Inflected with Kurkov’s signature humour and magical realism, The Silver Bone crafts a propulsive narrative that bursts to life with rich historical detail. Translated from Russian by Boris Dralyuk.

Kyiv, 1919. The Soviets control the city, but White armies menace them from the West. No man trusts his neighbour and any spark of resistance may ignite into open rebellion. When Samson Kolechko’s father is murdered, his last act is to save his son from a falling Cossack sabre. Deprived of his right ear instead of his head, Samson is left an orphan, with only his father’s collection of abacuses for company. Until, that is, his flat is requisitioned by two Red Army soldiers, whose secret plans Samson is somehow able to overhear with uncanny clarity. Eager to thwart them, he stumbles into a world of murder and intrigue that will either be the making of him – or finish what the Cossack started.

The Silver Bone was longlisted for the International Booker Prize 2024, announced on March 11 2024.

The International Booker Prize 2024
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MacLehose Press
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Andrey Kurkov

Andrey Kurkov

About the Author

Born near Leningrad in 1961, Andrey Kurkov was a journalist, prison warder, cameraman and screenwriter before he became well-known as a novelist.
More about Andrey Kurkov
Portrait of translator Boris Dralyuk

Boris Dralyuk

About the Author

Boris Dralyuk is an award-winning translator and the Executive Editor of the Los Angeles Review of Books.
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What the International Booker Prize 2024 judges said

‘A surprising book from Ukrainian novelist and journalist Andrey Kurkov, The Silver Bone is a crime mystery set in 1919 Kyiv during a time of chaos, shifts of power and random violence in the aftermath of war. But amidst the brutality is Kurkov’s sense of irony and absurdism. A young engineering student sees his father cut down by Cossacks and, moments later, a sabre cuts off his own right ear. He manages to catch it and keep it in a box, where it can still hear for him, wherever he is. Inspired by real-life, post-First World War Bolshevik secret police files, Kurkov’s novel creates an atmosphere that ranges from 19th century Russian literature to the immediacy of the current war in Ukraine, though it was initially published before Putin’s invasion.’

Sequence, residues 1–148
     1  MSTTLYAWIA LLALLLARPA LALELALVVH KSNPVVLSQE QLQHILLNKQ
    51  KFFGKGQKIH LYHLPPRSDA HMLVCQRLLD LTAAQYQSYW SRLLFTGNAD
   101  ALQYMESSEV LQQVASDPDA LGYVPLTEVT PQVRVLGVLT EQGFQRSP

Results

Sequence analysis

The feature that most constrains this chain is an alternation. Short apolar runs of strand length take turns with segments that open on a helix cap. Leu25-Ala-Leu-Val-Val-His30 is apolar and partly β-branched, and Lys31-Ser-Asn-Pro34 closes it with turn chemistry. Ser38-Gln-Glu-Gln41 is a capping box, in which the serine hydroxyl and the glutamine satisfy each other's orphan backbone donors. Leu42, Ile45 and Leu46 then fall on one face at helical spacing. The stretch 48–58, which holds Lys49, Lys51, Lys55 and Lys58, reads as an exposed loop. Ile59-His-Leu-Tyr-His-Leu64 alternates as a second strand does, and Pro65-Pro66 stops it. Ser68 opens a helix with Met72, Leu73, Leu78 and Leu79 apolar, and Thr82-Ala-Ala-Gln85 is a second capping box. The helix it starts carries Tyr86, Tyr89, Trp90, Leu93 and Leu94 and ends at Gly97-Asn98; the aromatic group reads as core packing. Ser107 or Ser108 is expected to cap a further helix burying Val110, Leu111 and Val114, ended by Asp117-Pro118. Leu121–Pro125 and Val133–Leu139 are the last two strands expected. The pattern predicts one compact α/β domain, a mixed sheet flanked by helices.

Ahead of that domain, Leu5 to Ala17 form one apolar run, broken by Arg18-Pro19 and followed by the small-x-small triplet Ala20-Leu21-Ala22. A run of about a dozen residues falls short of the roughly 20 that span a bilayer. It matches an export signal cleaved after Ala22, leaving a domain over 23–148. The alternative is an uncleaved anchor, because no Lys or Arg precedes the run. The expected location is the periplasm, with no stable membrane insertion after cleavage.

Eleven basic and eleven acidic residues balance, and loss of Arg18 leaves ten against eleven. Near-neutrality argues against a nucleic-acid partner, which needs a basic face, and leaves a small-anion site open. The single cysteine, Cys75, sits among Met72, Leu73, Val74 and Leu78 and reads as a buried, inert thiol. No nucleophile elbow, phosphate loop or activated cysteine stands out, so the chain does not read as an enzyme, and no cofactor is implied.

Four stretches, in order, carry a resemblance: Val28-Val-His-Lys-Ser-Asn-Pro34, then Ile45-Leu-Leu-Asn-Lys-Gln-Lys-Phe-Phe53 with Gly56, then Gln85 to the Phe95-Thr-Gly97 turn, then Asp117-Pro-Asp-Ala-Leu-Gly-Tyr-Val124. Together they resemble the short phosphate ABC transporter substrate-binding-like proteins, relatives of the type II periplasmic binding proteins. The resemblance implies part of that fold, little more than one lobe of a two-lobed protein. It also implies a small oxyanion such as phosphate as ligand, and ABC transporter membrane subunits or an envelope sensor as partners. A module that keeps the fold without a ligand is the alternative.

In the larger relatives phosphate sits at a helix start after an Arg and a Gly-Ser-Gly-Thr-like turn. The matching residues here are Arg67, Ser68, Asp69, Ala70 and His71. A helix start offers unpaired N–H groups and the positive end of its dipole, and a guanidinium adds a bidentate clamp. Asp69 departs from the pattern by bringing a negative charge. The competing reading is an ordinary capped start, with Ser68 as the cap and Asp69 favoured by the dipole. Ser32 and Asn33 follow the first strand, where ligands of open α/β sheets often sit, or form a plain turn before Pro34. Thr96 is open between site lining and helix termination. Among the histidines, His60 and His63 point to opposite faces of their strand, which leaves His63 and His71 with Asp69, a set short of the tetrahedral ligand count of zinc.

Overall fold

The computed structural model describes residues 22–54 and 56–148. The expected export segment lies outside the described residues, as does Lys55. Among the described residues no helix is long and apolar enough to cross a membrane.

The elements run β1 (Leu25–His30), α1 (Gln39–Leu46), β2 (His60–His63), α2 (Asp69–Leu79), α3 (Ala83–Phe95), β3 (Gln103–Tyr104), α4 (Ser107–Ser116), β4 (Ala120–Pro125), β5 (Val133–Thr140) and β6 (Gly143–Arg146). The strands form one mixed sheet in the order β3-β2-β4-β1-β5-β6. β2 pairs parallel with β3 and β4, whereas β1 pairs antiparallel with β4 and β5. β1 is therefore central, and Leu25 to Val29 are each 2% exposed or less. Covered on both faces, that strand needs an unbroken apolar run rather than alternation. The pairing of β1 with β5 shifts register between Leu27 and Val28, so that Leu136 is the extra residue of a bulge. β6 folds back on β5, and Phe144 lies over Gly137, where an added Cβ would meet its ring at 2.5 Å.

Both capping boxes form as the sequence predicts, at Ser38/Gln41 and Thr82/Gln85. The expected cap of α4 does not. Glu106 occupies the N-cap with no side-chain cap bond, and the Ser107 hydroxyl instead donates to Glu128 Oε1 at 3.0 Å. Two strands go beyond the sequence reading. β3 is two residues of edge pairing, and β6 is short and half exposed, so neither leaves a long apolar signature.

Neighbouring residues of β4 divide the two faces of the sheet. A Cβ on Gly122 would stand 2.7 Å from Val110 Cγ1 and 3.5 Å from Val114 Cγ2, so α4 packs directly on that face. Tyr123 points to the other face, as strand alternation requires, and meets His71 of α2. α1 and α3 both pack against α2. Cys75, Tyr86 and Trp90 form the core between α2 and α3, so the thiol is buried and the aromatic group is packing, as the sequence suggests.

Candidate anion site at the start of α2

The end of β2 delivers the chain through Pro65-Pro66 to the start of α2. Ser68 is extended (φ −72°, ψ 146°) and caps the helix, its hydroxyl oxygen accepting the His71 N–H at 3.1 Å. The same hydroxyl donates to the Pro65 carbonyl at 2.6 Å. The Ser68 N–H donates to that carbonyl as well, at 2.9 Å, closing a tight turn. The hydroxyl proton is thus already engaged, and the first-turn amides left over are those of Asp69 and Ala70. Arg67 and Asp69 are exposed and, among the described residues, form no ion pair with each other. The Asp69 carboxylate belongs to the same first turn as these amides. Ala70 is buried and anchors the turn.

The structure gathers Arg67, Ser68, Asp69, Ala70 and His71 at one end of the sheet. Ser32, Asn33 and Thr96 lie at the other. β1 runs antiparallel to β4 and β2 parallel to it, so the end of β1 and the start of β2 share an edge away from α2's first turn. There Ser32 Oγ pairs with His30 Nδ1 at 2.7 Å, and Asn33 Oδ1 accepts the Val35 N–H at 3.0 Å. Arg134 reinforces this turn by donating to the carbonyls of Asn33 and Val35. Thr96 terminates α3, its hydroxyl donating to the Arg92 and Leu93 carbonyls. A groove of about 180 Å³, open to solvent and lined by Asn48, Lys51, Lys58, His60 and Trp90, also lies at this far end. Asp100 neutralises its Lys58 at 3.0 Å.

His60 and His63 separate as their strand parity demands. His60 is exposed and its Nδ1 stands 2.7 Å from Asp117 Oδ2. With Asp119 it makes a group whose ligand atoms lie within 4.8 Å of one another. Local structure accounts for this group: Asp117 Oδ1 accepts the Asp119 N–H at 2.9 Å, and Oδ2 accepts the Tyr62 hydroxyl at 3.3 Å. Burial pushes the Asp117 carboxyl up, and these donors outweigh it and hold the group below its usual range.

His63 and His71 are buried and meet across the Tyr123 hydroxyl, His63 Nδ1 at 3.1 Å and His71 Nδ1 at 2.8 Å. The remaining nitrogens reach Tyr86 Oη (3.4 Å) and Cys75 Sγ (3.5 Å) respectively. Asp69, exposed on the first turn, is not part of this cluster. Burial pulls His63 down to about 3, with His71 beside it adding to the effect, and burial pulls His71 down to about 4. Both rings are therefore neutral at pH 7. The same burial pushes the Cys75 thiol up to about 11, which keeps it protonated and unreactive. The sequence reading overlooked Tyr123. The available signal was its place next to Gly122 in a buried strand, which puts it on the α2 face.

Group photo of the International Booker Prize 2024 Judges; Romesh Gunesekera, Natalie Diaz, William Kentridge, Eleanor Wachtel and Aaron Robertson.

What the critics said

Mythili G Rao, Financial Times:

‘Translated from the Russian by poet Boris Dralyuk, Kurkov’s prose is brisk but capacious, with a quiet flair. The innumerable annoyances and small indignities of living through conflict (persistent lice, gelatinous porridge, insufficient kindling, erratic power outages) are presented in all their grating detail. And though it is clear-eyed in its depiction of war’s sheer senselessness, The Silver Bone has an unusual poetic lightness too.’ 

Julian Evans, Telegraph:

‘It’s really Kyiv, a city Kurkov knows perfectly, that plays the leading role, its geography and lawlessness sharpening the tense atmosphere. Kurkov first published this novel in 2020, two years before Putin’s full invasion of his country, but an eerie contemporaneity stalks its pages. The city’s blackouts, a consequence of its firewood having been stolen, have echoes of today’s Kyiv, blacked out by Russian missile strikes.’

Publishers Weekly:

‘Kurkov eschews conventional mystery plotting – the eponymous bone isn’t discovered until two-thirds of the way through the novel – but the finely drawn characters and harrowing descriptions of daily life in 1919 Kyiv leave a far more lasting impression than clever genre tricks ever could. With its earthy prose and stunning attention to detail, this stands apart.’

Other nominated books by Andrey Kurkov

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